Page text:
I was intrigued by the use of his striped fabric in this quilt. Each block is a cross, and each cross is made up of four squares: each square has a diagonal seam to make a mitred corner.

The instructions are quite clever: you cut 8 identical squares, mark the diagonal, sew two seams (1/4″ on either side of the marked cutting line), then cut the squares after sewing. When you press the seams open, ta da, there’s one of the four mitred squares for the cross. The diagonal seam line is on the bias, of course, and it’s much easier to sew a stable seam this way. And actually, out of those 8 squares, you get two different cross blocks.

My fat quarter was of his Exotic Stripe in the colourway Warm. It looked like this:

Kaffe Fassett Exotic Stripe WarmIt’s so gorgeous that I had to snap it up. I’ve had it in my stash for years but haven’t wanted to cut it. Here’s my first batch of squares in progress:Mitred squares sewn of Kaffe Fassett's Exotic Stripe by Deborah Cooke

At the top left, there’s a pair of squares with their two diagonal seams. Top right, the squares have been cut between the seams. Below are two blocks pressed open – you get a square of each from each block. The original squares are cut 3 7/8″ square and the block of four is 6.5″ square. It’ll finish out to 6″ once it’s seamed.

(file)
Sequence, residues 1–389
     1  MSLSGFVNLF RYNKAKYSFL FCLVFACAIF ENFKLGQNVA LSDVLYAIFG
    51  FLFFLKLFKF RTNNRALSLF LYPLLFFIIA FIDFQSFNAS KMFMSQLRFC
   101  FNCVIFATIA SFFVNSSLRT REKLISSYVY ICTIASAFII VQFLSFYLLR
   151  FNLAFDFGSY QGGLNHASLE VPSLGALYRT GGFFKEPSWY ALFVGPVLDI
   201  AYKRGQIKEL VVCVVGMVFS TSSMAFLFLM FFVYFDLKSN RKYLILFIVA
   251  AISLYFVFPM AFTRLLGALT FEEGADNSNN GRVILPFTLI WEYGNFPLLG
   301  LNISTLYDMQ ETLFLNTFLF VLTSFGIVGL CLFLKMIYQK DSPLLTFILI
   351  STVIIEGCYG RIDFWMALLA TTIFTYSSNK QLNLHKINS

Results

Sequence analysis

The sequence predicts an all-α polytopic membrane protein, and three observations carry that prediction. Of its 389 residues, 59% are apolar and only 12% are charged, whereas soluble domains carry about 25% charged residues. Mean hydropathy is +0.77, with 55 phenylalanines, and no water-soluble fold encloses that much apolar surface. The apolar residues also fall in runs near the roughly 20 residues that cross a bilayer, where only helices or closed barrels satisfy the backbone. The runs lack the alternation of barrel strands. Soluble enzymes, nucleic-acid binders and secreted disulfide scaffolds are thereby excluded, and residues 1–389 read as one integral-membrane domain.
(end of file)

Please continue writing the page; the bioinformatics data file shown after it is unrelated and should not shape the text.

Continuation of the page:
Out of the fat quarter, I got three batches of eight squares, which resulted in six blocks. I’m not so fond of crosses, but I played around with my mitred squares and think they’re awesome like this:Mitred squares sewn of Kaffe Fassett's Exotic Stripe by Deborah Cooke

I’ve paired them together for the shot: each top and bottom came from the same seamed block. It’s amazing how different they are!

Six blocks isn’t a lot, though. The quilt in Kaffe’s book has eleven rows of nine squares each, or 99 blocks. I’d make a smaller quilt, but still need more. This fabric is discontinued – that’s the hazard of hoarding stash! – but I did find another fat quarter of it in my stash. (Yay! Proof that it was irresistible!) I also found some more fat quarters of KF stripes in similar colours:

The third one from the right isn’t pink at all, even though it looks that way in the photograph. I have more striped fabric but wanted to focus on that brick red and the olive green.

I’m thinking I might set alternate blocks of these stripey squares and an exuberant floral print – or one with lots of curves to contrast with the stripes. Here are two colourways of a Philip Jacobs print I love, called Japanese Chrysanthemum:
Japanese Chrysanthemums by Philip Jacobs Japanese Chrysanthemums by Philip Jacobs

Here are two more Philip Jacobs prints, Luscious on the left and Shaggy on the right:

Luscious by Philip Jacobs Shaggy by Philip Jacobs

Here are two favorites of mine—KF’s Millefiore on the left and Paperweight by KF on the right:

Millefiori by Kaffe Fassett Paperweight by Kaffe Fassett